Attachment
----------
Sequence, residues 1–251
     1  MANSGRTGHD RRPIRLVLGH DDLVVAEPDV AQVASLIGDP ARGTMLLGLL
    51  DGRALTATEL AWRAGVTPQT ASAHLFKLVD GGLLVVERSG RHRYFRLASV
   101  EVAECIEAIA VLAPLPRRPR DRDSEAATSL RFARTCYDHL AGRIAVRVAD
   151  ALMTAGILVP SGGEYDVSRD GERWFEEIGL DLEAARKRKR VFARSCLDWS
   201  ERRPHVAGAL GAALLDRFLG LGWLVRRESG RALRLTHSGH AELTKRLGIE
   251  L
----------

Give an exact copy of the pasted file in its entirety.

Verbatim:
Sequence, residues 1–251
     1  MANSGRTGHD RRPIRLVLGH DDLVVAEPDV AQVASLIGDP ARGTMLLGLL
    51  DGRALTATEL AWRAGVTPQT ASAHLFKLVD GGLLVVERSG RHRYFRLASV
   101  EVAECIEAIA VLAPLPRRPR DRDSEAATSL RFARTCYDHL AGRIAVRVAD
   151  ALMTAGILVP SGGEYDVSRD GERWFEEIGL DLEAARKRKR VFARSCLDWS
   201  ERRPHVAGAL GAALLDRFLG LGWLVRRESG RALRLTHSGH AELTKRLGIE
   251  L